Mohammad Azam is working on a serious of Tutorials with the goal to write a complete iPhone game, called Space Demon. You can view a demonstration of the game here:

So far, the Tutorial has 3 parts:

  • Part 1 – setup, particle effects, animated background
  • Part 2 – refactoring, code architecture
  • Part 3 – moving the ship, shooting and getting shot, enemy

Tutorials for Cocos2D for iOS are a plenty on the web. But I managed to find one that’s not very well known and provides a more technical introduction to the Cocos2D concepts and how to program menus, animations and detecting collisions. By technical I mean that the focus is clearly on providing working code.

Written by Hans Hamm the Tutorial Programming iPhone Games with Cocos2D is divided into four parts:

  • Part 1 – Cocos2D Architecture Overview
  • Part 2 – Buttons & Menus
  • Part 3 – Sprite Animations using a Texture Atlas
  • Part 4 – Scheduling updates & detecting collisions

Hans is also a co-founder of Anima Entertainment, they created the iPhone games Crash Birds (free) and Earth Defender:

Continuing with yesterday’s Box2D Car demo I’d like to stay on the topic of Box2D and present to you the Tilemap based Box2D world put together by theTconcept, a website hosted by a group of italian and mexican designers, writers and coders.

In their tutorial they explain how to create Box2D collisions from a Tiled Map Editor world, by using the object group layer. The one you can use to place arbitrary rectangles on in Tiled. The resulting Xcode project is available for download.

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Linkvent Calendar, Day 14: Box2D Top-Down Car Demo

On December 14, 2010, in Cocos2D Linkvent Calendar, by Steffen Itterheim

Jeff Hodnett has ported a popular Flash ActionScript Box2D Car demo to Cocos2D:

Box2D Car Demo

The car uses two revolute joints for turning the car and two prismatic joints to add driving force (torque?) to the car. The Xcode project is available for download and the virtual thumbstick controlling the car is provided by the popular SneakyInput library.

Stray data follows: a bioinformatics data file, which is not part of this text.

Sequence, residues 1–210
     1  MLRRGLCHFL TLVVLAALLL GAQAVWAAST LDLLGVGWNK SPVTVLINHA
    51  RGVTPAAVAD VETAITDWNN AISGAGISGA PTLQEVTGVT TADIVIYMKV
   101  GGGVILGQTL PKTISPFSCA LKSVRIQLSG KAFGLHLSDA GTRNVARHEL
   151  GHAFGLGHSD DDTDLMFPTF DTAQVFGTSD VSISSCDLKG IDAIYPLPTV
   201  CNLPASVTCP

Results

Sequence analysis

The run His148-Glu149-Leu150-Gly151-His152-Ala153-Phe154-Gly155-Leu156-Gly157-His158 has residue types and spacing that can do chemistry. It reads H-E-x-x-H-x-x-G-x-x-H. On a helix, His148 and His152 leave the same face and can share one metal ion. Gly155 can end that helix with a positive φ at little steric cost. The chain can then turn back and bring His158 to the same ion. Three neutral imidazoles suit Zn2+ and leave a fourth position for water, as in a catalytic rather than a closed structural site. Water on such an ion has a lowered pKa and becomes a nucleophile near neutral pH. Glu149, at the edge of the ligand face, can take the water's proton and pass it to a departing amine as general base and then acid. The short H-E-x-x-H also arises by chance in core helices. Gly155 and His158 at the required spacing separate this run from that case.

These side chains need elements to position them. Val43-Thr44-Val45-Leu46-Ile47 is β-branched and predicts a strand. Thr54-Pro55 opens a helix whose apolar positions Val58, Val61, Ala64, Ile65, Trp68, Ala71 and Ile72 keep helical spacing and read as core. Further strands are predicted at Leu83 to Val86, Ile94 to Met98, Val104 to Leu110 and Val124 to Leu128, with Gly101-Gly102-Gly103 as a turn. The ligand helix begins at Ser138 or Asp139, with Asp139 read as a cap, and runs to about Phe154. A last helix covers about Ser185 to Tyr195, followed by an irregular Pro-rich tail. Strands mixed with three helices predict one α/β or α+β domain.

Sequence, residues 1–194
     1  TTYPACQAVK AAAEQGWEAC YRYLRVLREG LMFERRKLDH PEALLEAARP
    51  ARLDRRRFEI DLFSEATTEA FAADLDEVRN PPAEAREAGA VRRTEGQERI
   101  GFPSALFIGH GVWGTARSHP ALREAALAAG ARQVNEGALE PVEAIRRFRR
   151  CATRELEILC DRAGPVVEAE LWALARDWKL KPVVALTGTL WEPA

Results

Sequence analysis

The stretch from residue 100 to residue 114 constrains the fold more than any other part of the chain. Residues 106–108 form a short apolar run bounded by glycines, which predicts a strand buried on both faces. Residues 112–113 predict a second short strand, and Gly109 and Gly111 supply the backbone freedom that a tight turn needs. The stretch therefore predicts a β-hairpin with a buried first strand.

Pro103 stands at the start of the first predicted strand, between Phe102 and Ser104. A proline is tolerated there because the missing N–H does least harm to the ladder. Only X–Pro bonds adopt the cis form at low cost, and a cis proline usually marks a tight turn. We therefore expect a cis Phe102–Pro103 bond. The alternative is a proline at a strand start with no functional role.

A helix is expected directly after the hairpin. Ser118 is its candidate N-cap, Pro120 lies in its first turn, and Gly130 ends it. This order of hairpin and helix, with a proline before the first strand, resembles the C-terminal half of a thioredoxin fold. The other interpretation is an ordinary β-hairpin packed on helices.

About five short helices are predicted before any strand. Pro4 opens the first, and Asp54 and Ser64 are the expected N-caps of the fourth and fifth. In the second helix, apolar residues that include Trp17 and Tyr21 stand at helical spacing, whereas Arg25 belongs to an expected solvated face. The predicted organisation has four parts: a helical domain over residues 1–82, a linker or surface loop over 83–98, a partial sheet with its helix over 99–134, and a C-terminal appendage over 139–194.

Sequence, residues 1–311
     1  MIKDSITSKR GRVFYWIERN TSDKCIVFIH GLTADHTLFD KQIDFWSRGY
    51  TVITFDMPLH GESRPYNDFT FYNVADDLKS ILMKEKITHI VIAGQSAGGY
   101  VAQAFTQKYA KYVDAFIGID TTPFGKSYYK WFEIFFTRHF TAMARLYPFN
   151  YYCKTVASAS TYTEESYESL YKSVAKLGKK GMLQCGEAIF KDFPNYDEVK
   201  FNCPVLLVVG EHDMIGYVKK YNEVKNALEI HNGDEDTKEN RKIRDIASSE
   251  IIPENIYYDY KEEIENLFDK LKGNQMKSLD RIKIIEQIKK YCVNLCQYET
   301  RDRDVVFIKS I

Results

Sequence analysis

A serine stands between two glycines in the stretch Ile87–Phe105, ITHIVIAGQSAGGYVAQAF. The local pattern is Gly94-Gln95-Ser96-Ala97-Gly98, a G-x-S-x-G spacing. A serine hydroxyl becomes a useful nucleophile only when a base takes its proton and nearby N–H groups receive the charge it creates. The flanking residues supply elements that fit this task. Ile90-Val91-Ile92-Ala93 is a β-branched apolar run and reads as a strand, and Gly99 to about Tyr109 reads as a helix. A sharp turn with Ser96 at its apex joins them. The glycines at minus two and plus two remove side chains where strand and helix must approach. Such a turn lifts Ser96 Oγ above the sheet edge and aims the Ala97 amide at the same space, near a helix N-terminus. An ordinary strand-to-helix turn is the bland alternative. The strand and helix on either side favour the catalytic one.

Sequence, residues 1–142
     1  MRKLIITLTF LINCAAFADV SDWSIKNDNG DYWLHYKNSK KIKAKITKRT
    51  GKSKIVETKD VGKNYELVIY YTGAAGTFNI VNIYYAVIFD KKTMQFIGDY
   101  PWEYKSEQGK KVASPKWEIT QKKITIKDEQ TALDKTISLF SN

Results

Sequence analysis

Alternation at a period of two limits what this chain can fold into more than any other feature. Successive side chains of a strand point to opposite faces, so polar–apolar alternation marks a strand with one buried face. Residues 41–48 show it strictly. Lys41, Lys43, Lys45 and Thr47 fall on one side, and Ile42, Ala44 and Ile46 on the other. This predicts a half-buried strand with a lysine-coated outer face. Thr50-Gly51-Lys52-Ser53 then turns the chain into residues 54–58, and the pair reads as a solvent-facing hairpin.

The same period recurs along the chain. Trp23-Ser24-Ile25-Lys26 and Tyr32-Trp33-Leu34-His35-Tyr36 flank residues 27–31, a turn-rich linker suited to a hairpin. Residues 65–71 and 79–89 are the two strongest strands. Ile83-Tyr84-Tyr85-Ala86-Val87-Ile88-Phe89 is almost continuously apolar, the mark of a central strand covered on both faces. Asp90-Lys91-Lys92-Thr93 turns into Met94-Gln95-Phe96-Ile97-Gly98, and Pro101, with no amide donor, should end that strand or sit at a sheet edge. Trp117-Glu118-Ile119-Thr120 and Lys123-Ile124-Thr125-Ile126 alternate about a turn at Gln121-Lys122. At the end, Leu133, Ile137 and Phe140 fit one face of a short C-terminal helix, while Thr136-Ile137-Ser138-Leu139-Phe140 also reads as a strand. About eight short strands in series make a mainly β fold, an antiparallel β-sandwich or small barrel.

Linkvent Calendar, Day 13: Balloon Ride Postmortem

On December 13, 2010, in Cocos2D Linkvent Calendar, by Steffen Itterheim

Today’s Linkvent Calendar entry comes from David Sutoyo. His second Cocos2D game, Balloon Ride, was published on the App Store on Dec 1st. David took some time to write a postmortem about making Balloon Ride. He starts out by saying that programming in Objective-C is hard, game design is even harder but marketing is the hardest part. However, he concludes that the overall design process is fun and he is now toying with the idea of using Corona because programming in Lua is simpler than Objective-C.

David also wrote a mini-postmortem about his first Cocos2D game Memory Flash.

Watch the Balloon Ride gameplay video:

Linkvent Calendar, Day 10: Free Cocos2D Webinar

On December 10, 2010, in Cocos2D Linkvent Calendar, by Steffen Itterheim

UPDATE: here’s the summary of the webinar which includes a link to the recorded session.


Mohammad Azam will be hosting a FREE webinar: Introduction to iPhone Game Development Using the Cocos2D framework.

This webinar takes place TOMORROW (Dec 11th)! I replicate his blog post here with the crucial info:

The webinar will help getting the new comers get started with iPhone development. It will be all code based with minimal or no slides. The webinar will be hosted on www.freebinar.com. Additional details are listed below:

Webinar URL: http://www.freebinar.com/highoncoding1
Date: 12/11/2010 (December 11 2010)
Time: 11:00 AM (US Central Time)
Limit: 150 people

Mohammad is originally a .NET programmer and frequent speaker at tech events. Recently he started diving into iOS development. He has written several tutorials about Cocos2D and he’ll get another Linkvent Calendar post soon that lists all of the Cocos2D screencasts he made. Follow him on Twitter @azamsharp and check out his iosdevblog.

Add your link to the Cocos2D Linkvent Calendar

Do you have something to share with the Cocos2D community? I haven’t received enough submissions to fill all the days until Xmas, although I do have enough links to post one each day, I’d rather post a link to your website or blog post.